Mykola Lemyk

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Mykola Lemyk (Ukrainian: Микола Лемик) (April 4, 1914 in Soloviy, Galicia — October 1941 in Myrhorod, Soviet Union, now Ukraine) was a Ukrainian political activist and leader of the Organization of Ukrainian Nationalists (OUN).

Biography[edit]

After completing Gymnasium (school) he studied law at Lviv University and joined the youth branch of the Organization of Ukrainian Nationalists (OUN) in the early 1930s.[1]

On October 21, 1933 he was ordered by the OUN to assassinate Alexei Mailov, OGPU agent and Secretary of the Soviet Union's consulate in Lviv, which was then under Polish administration. This political assassination was to publicize and to protest against the Holodomor[1] the 1932–1932 famine where millions of Ukrainians died, but which was covered-up by the Soviet Government.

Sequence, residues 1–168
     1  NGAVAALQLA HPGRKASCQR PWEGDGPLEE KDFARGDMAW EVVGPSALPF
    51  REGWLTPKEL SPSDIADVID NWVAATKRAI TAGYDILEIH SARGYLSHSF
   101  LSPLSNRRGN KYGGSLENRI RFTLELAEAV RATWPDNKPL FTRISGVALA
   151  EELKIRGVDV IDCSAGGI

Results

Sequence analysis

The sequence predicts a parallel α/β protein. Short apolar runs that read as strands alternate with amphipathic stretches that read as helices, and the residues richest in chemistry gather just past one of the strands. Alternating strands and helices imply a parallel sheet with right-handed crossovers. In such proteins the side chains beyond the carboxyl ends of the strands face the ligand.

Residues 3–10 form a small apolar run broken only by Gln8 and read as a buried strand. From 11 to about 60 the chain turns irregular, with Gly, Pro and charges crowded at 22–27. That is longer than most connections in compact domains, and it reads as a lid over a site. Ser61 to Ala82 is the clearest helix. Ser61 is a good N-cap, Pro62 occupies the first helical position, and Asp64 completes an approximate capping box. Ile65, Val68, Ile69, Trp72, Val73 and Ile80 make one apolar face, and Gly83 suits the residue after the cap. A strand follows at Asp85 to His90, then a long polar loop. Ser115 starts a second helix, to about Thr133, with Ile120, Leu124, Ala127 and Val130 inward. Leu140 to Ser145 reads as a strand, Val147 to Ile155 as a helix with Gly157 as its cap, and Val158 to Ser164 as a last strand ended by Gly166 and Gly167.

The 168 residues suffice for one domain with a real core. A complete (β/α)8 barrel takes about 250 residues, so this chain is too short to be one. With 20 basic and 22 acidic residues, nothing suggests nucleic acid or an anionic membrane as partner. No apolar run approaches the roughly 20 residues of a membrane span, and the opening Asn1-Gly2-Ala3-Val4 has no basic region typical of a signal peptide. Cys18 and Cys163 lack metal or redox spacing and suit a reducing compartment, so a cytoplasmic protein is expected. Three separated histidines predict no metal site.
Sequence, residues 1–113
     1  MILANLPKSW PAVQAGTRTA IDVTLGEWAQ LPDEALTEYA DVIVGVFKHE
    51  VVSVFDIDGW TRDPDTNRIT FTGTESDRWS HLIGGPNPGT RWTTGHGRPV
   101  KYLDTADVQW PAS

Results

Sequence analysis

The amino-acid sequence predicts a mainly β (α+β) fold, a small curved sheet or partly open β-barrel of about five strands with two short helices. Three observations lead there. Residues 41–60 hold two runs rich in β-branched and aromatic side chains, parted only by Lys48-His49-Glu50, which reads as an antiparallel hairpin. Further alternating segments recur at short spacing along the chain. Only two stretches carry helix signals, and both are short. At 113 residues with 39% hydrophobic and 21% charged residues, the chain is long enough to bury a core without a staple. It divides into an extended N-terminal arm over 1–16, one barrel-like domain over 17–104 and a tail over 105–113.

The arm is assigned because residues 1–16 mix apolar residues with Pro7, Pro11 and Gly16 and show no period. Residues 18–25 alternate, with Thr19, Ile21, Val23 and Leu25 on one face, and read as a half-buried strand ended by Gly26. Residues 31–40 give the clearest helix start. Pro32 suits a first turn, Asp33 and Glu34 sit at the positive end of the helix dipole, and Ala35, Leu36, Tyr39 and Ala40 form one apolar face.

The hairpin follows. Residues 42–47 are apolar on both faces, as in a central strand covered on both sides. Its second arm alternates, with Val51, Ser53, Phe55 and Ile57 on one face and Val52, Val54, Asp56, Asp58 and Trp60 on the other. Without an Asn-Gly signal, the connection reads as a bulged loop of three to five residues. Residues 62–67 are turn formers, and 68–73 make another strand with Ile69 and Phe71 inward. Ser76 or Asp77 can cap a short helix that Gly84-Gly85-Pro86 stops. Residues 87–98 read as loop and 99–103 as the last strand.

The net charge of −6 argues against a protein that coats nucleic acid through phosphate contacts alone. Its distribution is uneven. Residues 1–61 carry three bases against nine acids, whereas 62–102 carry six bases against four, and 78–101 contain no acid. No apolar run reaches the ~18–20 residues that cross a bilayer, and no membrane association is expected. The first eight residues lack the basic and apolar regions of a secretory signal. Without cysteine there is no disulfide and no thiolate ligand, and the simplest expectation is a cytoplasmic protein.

In December 1933, the Polish court in Lviv sentenced Lemyk to death, which was later commuted to life imprisonment.[2] At the outset of World War II in 1939 Lemyk was freed from jail, and on August 4, 1940 he married Liuba Voznyak.

From 1941 Lemyk was in the regional command of the OUN-M — the faction supporting Andriy Melnyk, in Eastern Ukraine. In the fall of 1941 he led the Central Committee of the OUN. In October 1941 Lemyk was arrested by the Gestapo in Myrhorod (which was then occupied by Nazi Germany), and shot[2] (other sources state that he was hanged by the Gestapo[1]).

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